The Babel meta-language

Published
2015-01-01 00:00:00
Category
tech

Inspired by the passion of the creators behind the EXA_PICO universe, I tried experimenting with a small constructed language (conlang) myself. The result is Babel, a compact meta-language.

Babel possesses a Lisp-like grammar, but otherwise strictly deals in semantic values and semantic forms. Also, Babel does not contain any meaning itself, but relies on binding semantic forms from other languages. Thus, it is a meta-language in the truest sense of the word.

First, Babel presents a way to import other languages as a language object:

(import english)
(import japanese)
(import hymmnos)

(I'll be borrowing some Hymmnos to demonstrate some interesting constructions later using Babel.)

(Presumably, were one to "implement" Babel, these languages can be implemented as separate packages.)

These language objects are used to bind semantic values, semantic forms, and semantic classes, which comprise the essence of Babel.

A semantic value is any individual unit of meaning. Grammatically, semantic values generally correspond to words or complete phrases. The main contrast is with semantic forms which we'll see next.

(val english "apple")
(val japanese "弁当")

Every time we want to use the semantic value for the English word "apple", we have to use `(val english "apple")`, which will get tedious fast as we move on to semantic forms and compositions of multiple values and forms, so we can bind objects to symbols in a straightforward manner:

(def apple (val english "apple"))
(def bentou (val japanese "弁当"))

Next are semantic forms, which define compositions of semantic values. If semantic values are objects, then semantic forms are functions; values are to nouns as forms are to verbs, although keep in mind that verbs can be bound as either values or forms.

(def subject (class english "subject"))
(def predicate (class english "predicate"))
; (sentence x y) -> x y .
; e.g. (sentence (I) (eat apple)) -> I eat apple.
(def sentence
(form english
  ((subject x)
  (predicate y))
  x y (val english ".")))

Here we also see classes being used to help define a semantic form. We can then apply that form to values that belong to the given classes to complete the form, in this case, a sentence, like so:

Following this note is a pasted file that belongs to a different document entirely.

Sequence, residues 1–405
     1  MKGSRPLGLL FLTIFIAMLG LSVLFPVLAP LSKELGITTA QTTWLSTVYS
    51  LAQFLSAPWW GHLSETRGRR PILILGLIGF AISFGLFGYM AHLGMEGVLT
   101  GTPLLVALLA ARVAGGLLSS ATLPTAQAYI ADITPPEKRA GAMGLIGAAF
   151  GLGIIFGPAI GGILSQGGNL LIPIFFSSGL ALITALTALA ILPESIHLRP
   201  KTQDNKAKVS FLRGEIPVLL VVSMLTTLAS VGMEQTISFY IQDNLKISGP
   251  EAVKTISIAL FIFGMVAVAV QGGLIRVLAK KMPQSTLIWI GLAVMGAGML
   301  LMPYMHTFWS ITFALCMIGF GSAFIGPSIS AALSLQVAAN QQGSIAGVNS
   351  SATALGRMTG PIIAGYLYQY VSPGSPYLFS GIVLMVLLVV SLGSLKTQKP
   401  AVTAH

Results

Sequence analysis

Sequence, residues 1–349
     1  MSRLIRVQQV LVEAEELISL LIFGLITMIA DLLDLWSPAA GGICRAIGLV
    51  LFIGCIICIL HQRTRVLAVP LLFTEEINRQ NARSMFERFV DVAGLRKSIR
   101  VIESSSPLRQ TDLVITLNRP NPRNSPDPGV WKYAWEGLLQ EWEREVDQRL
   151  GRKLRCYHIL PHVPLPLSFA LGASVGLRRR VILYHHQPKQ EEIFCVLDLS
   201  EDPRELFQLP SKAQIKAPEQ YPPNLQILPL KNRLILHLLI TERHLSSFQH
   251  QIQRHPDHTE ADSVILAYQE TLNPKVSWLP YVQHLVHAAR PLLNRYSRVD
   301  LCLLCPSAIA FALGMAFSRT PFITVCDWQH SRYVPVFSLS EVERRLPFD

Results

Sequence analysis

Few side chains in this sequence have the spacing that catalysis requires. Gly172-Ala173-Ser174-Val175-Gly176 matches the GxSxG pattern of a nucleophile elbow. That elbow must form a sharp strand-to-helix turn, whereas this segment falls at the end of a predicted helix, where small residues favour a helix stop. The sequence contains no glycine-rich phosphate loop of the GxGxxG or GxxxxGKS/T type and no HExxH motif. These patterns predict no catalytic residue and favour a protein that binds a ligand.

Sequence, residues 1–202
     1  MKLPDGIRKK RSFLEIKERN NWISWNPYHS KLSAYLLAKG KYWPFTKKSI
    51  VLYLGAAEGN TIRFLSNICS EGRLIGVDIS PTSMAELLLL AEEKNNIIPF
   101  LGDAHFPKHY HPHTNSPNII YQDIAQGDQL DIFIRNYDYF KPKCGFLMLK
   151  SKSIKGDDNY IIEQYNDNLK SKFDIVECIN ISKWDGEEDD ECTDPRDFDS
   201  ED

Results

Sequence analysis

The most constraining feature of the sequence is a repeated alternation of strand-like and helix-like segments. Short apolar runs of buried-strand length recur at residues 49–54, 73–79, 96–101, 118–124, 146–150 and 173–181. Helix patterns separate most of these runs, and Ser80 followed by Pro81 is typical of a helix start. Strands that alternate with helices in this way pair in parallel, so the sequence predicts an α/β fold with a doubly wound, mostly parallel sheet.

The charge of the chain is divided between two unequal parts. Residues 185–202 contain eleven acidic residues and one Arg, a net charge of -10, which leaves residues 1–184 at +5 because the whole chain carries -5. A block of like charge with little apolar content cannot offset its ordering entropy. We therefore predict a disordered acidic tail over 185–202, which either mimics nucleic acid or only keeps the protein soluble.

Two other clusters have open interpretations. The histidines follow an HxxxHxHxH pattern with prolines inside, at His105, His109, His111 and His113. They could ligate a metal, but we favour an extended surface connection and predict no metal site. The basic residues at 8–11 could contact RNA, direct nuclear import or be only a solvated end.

(def me (val english "I"))
(def object (class english "object"))
(def eat
  ((object x))
  (val english "eat") x)
(sentence me (eat apple))  ; I eat (a/the) apple.

Here we use "eat" by binding it as a semantic form, but we can use it as a value as well:

(def eat (val english "eat"))
(def verb1 (class english "verb1"))  ; verb taking one direct object
(def do-verb1
  ((verb1 x)
   (object y))
  x y)
(sentence me (do-verb1 eat apple))

That's all you need from Babel to say anything in any language you want. But as you can see, it is quite tedious. We can take advantage of the Lisp grammar to add macros to Babel to abstract away all of the boilerplate from defining lots of classes, values, and forms, but the question one may ask is, why go through all this trouble in the first place? The answer is, using Babel allows you to freely mix semantic forms and semantic values from any language you want.

For example, Hymmnos has the interesting semantic form of preceding each sentence with three emotion words to describe the emotion behind the sentence:

Was yea ra chs hymmnos mea.

where the meanings of the individual words are:

Was
very much
yea
happiness
ra
I want this to last
chs
change
hymmnos
song
mea
me

Hence, the meanings of the emotion preface and the declarative part of the sentence are:

Was yea ra
I am feeling very happy and I want this happiness to last for a long time.
chs hymmnos mea
(I) change myself into a song.

which we can translate literally into ugly English:

I am feeling very happy that I now change myself into a song, and I want this feeling to last for a long time.

or more fluently, but losing some of the original meaning:

I am happy to change myself into a song.

Using Babel, we can use this semantic form in English:

(def level1 (class hymmnos "emotion level 1"))
(def level2 (class hymmnos "emotion level 2"))
(def level3 (class hymmnos "emotion level 3"))
(def predicate (class hymmnos "predicate"))
(def hymmnos-emote
  (form hymmnos
    ((level1 a)
     (level2 b)
     (level3 c)
     (predicate p))
    a b c p))
(def was (val hymmnos "was"))  ; very much
(def ki (val hymmnos "ki"))  ; concentration
(def ga (val hymmnos "ga"))  ; I want this to end soon
(hymmnos-emote was ki ga (sentence me (eat bentou)))

We might render this directly as

Was ki ga I eat 弁当

meaning

I am concentrating very much as I eat the (Japanese) bentou, and I want this feeling to end soon.

This is a semantic idea that simply cannot be expressed very cleanly, or very well at all in English, but by binding it through Babel, we can not only use this Hymmnos semantic form with English, but also use the Japanese semantic value 弁当 with English. In this case, we might have used "bento" or "bentou" as an English loan-word, but there are other conceptual values that are harder to bring to English, such as 青, which means blue, green, black, or pale.

Ultimately Babel is a toy language, as most conlangs tend to be, but it is an interesting study of semantics as well, and possibly a key first step in bringing about strong AI (also known as general AI, or real AI, as opposed to the fake AI of the oft-touted dumb algorithms of machine learning and neural networks).